14 Days of Love Day 4: The History of Valentine’s Day

Angelina Astic, Copy Editor

On Feb. 14, individuals worldwide plan to celebrate Valentine’s Day by sharing boxes of chocolate, flowers, cards and various other gifts to show loved ones that they care. However, not many know the history of the holiday itself, which stems from the patron Saint Valentine and the Roman festival of Lupercalia. 

Three different Catholic saints go by a variation of “Valentine” or “Valentinus.” In approximately 270 A.D., a priest by the name of Valentine in Rome met Emperor Claudius II, who executed the now-patron saint on Feb. 14. Claudius also executed another bishop, now-patron saint Valentine of Terni, on Feb. 14 during a different year in the third century A.D. While many have argued who the holiday received its name from, both men received martyrdom from the Catholic Church, which sparked the annual St. Valentine’s Day celebration.          

During the third century, Claudius declared that single men were better suited for battle than  husbands and fathers, and proceeded to outlaw marriages in Rome for young men. Saint Valentine of Rome strongly objected to the decision and resolved to continue to secretly officiate marriages for young men and women, which led to his subsequent execution on the 14th.   

Other legends argue that Valentine served as a sort of “messiah,” aiding Christians in breaking free from Roman imprisonment and cruel punishment. Valentine, during his time in the prison, supposedly sent the very first “Valentine” card to his jailor’s young daughter, who often saw him during his imprisonment. Prior to his execution, he penned a letter to the young girl and signed it “from your Valentine,” which has since turned into an annual tradition. 

Many also believe that Valentine’s Day, selected for Feb. 14 by the Catholic Church, aligned with the Lupercalia festival. A possible attempt to bring a religious aspect to the pagan celebration that took place from Feb. 13 to Feb. 15, known as the ides of February, Lupercalia acted as a fertility festival in honor of Fanus, the god of agriculture.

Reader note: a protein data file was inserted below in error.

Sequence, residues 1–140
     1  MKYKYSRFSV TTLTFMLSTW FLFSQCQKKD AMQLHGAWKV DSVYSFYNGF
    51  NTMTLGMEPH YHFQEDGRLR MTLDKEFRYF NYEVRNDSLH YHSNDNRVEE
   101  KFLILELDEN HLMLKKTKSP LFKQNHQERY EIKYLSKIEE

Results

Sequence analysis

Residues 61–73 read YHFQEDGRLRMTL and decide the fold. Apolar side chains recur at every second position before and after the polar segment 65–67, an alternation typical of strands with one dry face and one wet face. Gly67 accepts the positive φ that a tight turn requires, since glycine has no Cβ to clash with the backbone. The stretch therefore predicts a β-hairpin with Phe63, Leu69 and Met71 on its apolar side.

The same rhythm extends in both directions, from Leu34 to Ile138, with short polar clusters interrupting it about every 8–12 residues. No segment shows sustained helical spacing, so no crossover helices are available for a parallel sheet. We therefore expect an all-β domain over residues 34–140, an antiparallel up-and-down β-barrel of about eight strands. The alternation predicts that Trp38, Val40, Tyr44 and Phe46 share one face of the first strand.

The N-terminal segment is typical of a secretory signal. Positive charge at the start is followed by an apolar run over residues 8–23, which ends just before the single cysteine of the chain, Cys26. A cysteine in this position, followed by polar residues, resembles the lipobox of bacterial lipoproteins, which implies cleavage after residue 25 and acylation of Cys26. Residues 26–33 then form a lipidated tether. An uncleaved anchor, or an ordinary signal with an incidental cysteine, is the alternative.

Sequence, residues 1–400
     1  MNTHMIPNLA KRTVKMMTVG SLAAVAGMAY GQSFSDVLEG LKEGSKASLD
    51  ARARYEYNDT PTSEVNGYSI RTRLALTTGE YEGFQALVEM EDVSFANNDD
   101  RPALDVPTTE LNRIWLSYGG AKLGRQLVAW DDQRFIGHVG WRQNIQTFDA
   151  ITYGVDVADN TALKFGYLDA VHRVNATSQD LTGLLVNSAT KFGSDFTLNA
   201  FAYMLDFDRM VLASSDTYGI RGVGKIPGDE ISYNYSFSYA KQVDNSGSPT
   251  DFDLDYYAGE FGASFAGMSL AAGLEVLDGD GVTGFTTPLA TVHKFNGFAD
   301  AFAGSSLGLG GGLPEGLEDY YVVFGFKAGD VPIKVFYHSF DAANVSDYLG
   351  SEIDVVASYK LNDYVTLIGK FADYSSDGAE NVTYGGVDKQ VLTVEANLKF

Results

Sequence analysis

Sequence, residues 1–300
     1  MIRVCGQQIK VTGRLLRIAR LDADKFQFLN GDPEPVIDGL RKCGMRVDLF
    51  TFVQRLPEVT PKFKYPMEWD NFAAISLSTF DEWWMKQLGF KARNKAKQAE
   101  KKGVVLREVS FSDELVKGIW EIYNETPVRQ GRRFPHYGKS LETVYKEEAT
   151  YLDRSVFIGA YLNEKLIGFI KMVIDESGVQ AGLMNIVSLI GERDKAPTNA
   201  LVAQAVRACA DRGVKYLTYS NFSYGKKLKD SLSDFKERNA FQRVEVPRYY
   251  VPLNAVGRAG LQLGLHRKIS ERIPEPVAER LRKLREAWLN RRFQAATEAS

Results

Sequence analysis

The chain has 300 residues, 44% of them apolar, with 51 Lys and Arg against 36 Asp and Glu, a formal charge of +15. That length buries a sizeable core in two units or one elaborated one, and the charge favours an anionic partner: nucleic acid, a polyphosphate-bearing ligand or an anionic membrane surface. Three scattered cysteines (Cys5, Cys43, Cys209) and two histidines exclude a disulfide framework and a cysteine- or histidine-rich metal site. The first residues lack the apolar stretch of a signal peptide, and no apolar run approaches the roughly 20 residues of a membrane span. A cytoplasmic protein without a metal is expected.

The order of Roman priests known as the Lupreci initiated the festival in the cave, where the famous lupa cared for Romulus and Remus, the future founders of Rome. In memory of the men, the priests sacrificed a goat, symbolizing fertility, and a dog, symbolizing purification. 

The hides of both sacrificed animals, drenched in animal blood, were carried to Rome. Due to the nature and purpose of the festival, the priests slapped the women with the animals’ hides. Women appreciated the ritual, as they believed it would increase their fertility within the year. 

After the initial ceremony, all young, unwed women placed their names in an urn. Young, unwed men drew a name of a young woman from the urn and paired with the chosen woman for one year, which usually resulted in a marriage. 

At the end of the fifth century, Pope Gelasius issued a decree that Feb. 14 would be known as St. Valentine’s Day, which followed the outlaw of the festival of Lupercalia. During the Middle Ages, Valentine’s Day developed a more “romantic” connotation, as the day marked the beginning of the mating season for birds in Europe.

1415 brought history’s very first Valentine greeting card. At the Tower of London after capture at the Battle of Agincourt, Charles, Duke of Orleans, wrote a Valentine to his wife. Royals in the following years also began to write Valentines to their loved ones.

Later on, Valentine’s Day celebrations began in not only the U.S., but Canada, the United Kingdom, France, Mexico and Australia, as well. Currently, Valentine’s Day festivities continue in nations across the world, with people exchanging gifts with one another in celebration of love. 

Today, Valentine’s Day is also a significant contributor to the economy. During 2020, the National Retail Federation reported that the U.S. expected to make $27.4 billion from the holiday. The Greeting Card Association and Hallmark also indicated that those who celebrate exchange over 145 million Valentine’s Day cards each year. 

Valentine’s Day remains a time-honored tradition where individuals can show their appreciation for those they love. Especially during a pandemic, the holiday acts as a reminder to show appreciation for important people in one’s life.